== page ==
So, if there is no resource gathering and no base building, what is there to do in Dawn of War II? Combat. This is a real time strategy game that puts all of its emphasis on tactics and strategy. The whole multiplayer component is focused on getting out there, finding your opponent and effectively containing his or her army while you hold the majority of the control points on the map.

Each map has three control points. Each side starts with 500 points. Whenever one side holds more control points than the other, the loosing side's point total ticks down. Once the total hits zero, it's game over. The control point mechanic forces players to think strategically when playing because it's not simply a matter of rolling over an opponent's base to win. Well, you can do that, but the bases have an obscene amount of hit points, so while you're busy doing that, chances are good that your opponents are grabbing the control points and winning that way.

One of the games we played saw the opposing team owning the map for the first half of the game. As our team started to get organized we started focusing on the control points and before long a completely lopsided game had leveled out. Over the course of the day, this seesawing of the points happened over and over.

No game would be complete without plenty of cool units to use, and here Dawn of War II delivers in spades. As previously mentioned, all of the commanders have war gear items which grant extra bonuses. Unlike the single player game, where these items are found on the battlefield and then kitted out between levels, in multiplayer all of the items are on the commander at the start, but they are not enabled. To enable an item you have to first research it by clicking on it. Once researched, it can be enabled at any time.

First level units for each race are the typical grunts, with your standard melee and ranged fighters. The second tier units have a specific strength, but also a key weakness. This allows for a good deal of countering on the battlefield as players push for the advantage. If the game lasts long enough for tier three units to be built, it's time to haul out the big guns. Every race has a super unit in its third tier which basically steamrolls over everything in its way. Here is where the Eldar excelled. The Eldar Avatar is basically a big hulking giant flaming Eldar that stand a few stories tall. Imagine a pissed off version of the Fantastic Four's Human Torch crossed with the Hulk and you've got a pretty good idea of what this guy can do. Instead of walking around cover, the Avatar simply tore right through it as if it wasn't even there. At one point, our Avatar faced off against a competing Avatar in the center of the map. When the battle was finished, every structure in the immediate area was pretty much toast.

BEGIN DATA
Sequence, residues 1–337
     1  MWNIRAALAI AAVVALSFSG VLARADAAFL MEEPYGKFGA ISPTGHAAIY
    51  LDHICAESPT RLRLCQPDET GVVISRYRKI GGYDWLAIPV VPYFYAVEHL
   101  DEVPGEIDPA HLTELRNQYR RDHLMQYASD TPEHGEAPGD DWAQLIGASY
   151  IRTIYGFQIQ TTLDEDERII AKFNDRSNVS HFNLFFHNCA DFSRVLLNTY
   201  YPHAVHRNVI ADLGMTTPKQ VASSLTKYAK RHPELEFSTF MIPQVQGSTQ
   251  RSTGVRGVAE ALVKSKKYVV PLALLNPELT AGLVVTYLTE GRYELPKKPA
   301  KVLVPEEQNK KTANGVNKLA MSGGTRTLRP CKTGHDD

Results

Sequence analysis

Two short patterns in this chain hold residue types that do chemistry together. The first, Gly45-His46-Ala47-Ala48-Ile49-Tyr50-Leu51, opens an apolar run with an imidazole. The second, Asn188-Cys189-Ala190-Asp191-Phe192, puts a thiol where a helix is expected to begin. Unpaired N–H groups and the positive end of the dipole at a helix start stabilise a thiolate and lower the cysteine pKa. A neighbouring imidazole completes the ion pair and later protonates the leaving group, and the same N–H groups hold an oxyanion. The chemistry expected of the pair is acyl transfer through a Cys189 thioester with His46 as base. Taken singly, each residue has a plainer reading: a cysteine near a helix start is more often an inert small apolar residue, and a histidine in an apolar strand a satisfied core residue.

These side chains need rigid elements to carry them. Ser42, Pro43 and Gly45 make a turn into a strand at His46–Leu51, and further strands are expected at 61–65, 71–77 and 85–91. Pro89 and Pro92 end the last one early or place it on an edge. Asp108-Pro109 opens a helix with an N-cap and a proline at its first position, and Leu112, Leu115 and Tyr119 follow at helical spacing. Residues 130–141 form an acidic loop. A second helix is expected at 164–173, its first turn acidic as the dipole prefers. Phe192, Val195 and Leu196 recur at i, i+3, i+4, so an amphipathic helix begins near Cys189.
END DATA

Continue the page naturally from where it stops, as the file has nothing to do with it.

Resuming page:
Map selection is where the Dawn of War II developers expect to hear some complaints, because the game is currently scheduled to ship with approximately six maps. Not to fear though, because according to Jonny Ebbert of Relic, the company plans on supporting Dawn of War II with free (yes free) DLC map packs. So more maps will be coming, they just won't all be there at the start. Given that those we did play felt balanced and varied, the selection shouldn't be an issue assuming Relic follows through on its promise. Given the choice of a full polished single player campaign and more multiplayer maps later versus more maps now and less time spent on single player, we'll take the former.

For the tech geeks out there, Dawn of War II will run on both Windows XP and Vista. It is also fully supported on both 32 and 64 bit versions of the OS. It's a bit of a step up graphically from it's predecessor, which may mean a hardware upgrade is required for some players. If you really want to push your system, a hardware upgrade will be a must. Running Dawn of War II with its highest graphics settings (maximum resolution, best quality textures, etc.) will require a 64-bit system paired with a high end graphics card. Running under a 32-bit OS, there simply isn't enough memory available to properly render everything and still run the game.

There were some hiccups during the day, but all of the issues we encountered had to do with networking. Once we were in a game and playing, everything looked good and played well. Much like our time with the single player campaign, leaving at the end of the day was difficult. This is a game that has been fun to play since we got our hands on it and we're looking forward to digging in a bit deeper as Relic still hasn't let us see everything. We'll keep bugging them though, as there is still more to check out – including co-op campaign play. Check back early next year for more details.